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7 Books to Read During Black History Month (and Beyond)

7 Books to Read During Black History Month (and Beyond)

During Black History Month, I always take the opportunity to read books that expand my view and knowledge of the Black experience. I’d love to share seven books that have inspired me to reflect on those things, as well as provided an open door to ask questions and keep learning. The books I selected below touch on everything from the legacy of slavery in the United States to exploring what it means to be a Black person in America today — plus some reads that touch on love, self-acceptance, and perseverance. For me, these books get to the heart of these topics.

So, if you’re looking for a way to learn more this month (and beyond), check out my recommendations:

I Know Why the Caged Bird Sings by Maya Angelou

This book is a yearly requirement for me. It allows me to think on the impact Maya Angelou has had on me as a poet and to just be inspired. She was the first Black author to appear on the New York Times bestseller list, on August 1, 1970, for Caged Bird. It is Angelou’s debut memoir, which begins with her childhood in Stamps, Arkansas, and ends when she becomes a mother at 16. It is a story of resilience and how she overcame racism and other challenges to thrive as a gifted writer and artist.

Heavy by Kiese Laymon

In this memoir, Laymon writes about growing up in Jackson, Mississippi. His road to becoming a writer is inspiring, to say the least. The book traces his life through high school, college, and then graduate school. He used food and money — too much or too little — as a way to punish himself. He is incredibly open about his struggles with weight and physical abuse and considers the intersection of race and America’s oppressed racial history on his life and the lives of his family. More importantly, he’s attempting to explore how a Black man in America carries the weight of the world.

Punching the Air by Ibi Zoboi and Yusef Salaam

This novel is co-authored by Yusef Salaam, a member of the Exonerated Five. It’s a story about a Black Muslim teen, Amal, who is facing court and jail time for throwing a punch. Amal talks about his experiences in jail, of never getting to be a kid, and giving up on his dreams of poetry and art because he knows that’s not in his expected future. Because it’s written in verse, I think the book gives Amal a more emotional connection to the reader. We are experiencing his life through his deepest thoughts. It is heartbreaking to read, but definitely necessary.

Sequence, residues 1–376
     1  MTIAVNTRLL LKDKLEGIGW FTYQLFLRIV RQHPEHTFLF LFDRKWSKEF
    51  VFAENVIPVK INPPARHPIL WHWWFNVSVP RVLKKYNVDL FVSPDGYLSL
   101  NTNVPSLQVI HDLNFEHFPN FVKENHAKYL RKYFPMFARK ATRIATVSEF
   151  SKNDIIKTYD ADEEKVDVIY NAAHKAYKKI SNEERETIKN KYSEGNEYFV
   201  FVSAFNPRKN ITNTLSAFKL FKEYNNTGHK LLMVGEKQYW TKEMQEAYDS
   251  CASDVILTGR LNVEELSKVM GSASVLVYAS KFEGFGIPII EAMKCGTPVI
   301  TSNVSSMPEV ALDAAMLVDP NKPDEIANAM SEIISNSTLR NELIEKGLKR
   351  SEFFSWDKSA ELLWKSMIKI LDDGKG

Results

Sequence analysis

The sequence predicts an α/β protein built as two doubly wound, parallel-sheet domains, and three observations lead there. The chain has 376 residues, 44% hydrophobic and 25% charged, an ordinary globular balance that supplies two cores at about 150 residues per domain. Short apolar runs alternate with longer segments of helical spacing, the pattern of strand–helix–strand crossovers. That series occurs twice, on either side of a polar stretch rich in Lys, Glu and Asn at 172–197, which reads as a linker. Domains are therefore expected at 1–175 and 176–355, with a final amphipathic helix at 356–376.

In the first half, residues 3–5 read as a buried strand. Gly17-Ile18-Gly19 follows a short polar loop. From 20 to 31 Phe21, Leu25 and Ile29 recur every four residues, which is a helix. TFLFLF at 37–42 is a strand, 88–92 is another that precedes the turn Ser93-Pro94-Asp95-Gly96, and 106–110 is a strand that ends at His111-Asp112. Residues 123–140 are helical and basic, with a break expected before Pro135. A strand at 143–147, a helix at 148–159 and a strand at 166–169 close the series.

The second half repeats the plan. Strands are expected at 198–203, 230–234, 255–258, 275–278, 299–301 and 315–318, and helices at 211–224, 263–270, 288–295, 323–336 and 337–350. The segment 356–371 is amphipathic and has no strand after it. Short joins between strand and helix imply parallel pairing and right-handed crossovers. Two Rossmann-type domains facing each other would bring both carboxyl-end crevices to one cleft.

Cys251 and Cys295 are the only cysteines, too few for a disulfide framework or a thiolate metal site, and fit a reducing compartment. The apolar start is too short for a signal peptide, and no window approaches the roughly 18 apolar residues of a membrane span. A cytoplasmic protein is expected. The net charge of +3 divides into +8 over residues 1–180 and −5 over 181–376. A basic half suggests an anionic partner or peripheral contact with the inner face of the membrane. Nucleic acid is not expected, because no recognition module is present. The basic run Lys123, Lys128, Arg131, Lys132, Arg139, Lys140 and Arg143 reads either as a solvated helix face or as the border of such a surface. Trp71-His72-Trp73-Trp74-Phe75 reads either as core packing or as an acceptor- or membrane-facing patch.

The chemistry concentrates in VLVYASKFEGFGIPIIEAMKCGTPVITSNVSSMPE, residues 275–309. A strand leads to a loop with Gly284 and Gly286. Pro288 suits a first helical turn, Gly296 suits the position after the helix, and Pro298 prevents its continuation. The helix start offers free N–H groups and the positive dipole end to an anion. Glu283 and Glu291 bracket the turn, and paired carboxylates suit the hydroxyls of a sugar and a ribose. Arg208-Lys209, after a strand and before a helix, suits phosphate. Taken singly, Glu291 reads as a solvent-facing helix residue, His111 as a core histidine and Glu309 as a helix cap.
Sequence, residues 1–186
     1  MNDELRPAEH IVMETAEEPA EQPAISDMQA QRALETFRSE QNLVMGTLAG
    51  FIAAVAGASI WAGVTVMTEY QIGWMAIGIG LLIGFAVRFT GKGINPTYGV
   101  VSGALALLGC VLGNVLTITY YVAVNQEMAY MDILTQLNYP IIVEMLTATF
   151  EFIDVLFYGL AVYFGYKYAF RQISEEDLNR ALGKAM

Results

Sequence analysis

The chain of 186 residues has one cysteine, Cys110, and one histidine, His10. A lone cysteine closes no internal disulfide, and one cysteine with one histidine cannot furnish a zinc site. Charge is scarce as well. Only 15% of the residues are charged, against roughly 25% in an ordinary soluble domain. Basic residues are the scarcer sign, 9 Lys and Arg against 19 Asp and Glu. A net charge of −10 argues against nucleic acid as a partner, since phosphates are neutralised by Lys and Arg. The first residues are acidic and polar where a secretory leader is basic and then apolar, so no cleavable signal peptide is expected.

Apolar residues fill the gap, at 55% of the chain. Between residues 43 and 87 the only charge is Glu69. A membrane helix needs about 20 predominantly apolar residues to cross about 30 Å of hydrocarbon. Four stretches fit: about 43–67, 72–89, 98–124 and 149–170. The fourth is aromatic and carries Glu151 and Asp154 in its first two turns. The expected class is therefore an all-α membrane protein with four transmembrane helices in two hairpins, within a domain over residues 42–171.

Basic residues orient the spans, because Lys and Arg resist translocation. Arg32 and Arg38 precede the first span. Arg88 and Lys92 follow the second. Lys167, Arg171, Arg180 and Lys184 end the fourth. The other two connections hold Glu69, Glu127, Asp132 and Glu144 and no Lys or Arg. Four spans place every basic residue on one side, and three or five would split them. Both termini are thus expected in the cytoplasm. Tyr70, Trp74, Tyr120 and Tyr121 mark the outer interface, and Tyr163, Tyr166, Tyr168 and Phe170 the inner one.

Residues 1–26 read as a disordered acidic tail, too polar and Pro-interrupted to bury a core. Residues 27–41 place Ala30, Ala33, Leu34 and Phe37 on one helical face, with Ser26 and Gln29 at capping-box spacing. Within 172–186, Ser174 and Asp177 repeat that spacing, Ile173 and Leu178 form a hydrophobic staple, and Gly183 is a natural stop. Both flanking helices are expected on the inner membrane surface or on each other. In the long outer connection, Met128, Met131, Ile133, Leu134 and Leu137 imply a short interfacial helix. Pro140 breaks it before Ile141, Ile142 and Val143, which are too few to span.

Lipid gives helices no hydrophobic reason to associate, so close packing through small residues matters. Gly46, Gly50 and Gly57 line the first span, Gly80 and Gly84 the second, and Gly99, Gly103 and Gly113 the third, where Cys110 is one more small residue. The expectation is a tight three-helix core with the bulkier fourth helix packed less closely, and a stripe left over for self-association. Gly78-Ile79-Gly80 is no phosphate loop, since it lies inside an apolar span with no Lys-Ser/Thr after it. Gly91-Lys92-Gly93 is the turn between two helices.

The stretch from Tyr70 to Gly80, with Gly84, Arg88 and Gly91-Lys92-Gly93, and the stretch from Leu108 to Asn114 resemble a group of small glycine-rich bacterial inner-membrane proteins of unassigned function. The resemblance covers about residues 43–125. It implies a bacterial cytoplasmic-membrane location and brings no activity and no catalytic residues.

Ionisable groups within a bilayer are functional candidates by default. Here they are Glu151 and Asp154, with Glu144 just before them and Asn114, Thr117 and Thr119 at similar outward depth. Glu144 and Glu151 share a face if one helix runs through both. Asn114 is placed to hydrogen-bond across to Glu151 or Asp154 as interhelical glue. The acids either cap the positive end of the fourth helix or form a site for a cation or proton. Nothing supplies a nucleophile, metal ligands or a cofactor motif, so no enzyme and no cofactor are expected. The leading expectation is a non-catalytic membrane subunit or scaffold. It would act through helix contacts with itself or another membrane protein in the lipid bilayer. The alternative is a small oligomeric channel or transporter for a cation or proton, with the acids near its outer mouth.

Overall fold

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Push Out: The Criminalization of Black Girls in Schools by Monique W. Morris

While arrests of girls between the ages of 13 and 17 have declined as a whole, Black girls are coming into contact with the juvenile system at disproportionately high rates. This has to do with the way society treats young Black girls. We’ve seen these scenarios play out in the news every day. So, it was eye-opening to read how Morris examines those experiences of young Black girls in school. She looks at the ways in which today’s schools and systems dehumanize and criminalize Black girls from an early age and the lasting impacts.

All About Love: New Visions by bell hooks

This is my favorite book by the late Black feminist writer and professor bell hooks. She frequently wrote on the intersection of race, gender, and society. In All About Love, hooks examines the basic foundation of love and the ways in which the culture has shaped how we love each other. The book is only about 200 pages, but she thoroughly provides us with a framework for understanding love and becoming more open to giving and receiving love. By doing this, we can advance justice and humanity.

Another Country by James Baldwin

I am always amazed of the relevance Baldwin’s words still have on our society. This list wouldn’t be complete without his work. Another Country was written in 1962, and he paints a picture of New York City’s Harlem neighborhoods as he saw them. He challenges the “melting pot” image we have, and instead highlights the ways in which racism can become internalized and affect our relationships. The book was criticized and even banned in some places, including New Orleans and Australia. Today, it is considered an important piece of writing.

The Warmth of Other Suns: The Epic Story of America’s Great Migration by Isabel Wilkerson

Reading this book was one thing. Yet, after I attended an online discussion where Wilkerson spoke about the book, it took it to another level. Wilkerson’s book draws its title from a poem by author Richard Wright, in which he wrote that he had left the South and moved to Chicago in the hopes of feeling “the warmth of other suns.” She tells the true stories of three Black Americans who, like Wright and millions of others, left the south between 1915 and 1970 to seek opportunity and freedom from Jim Crow rules — and explores how and why they didn’t always find what they were looking for.

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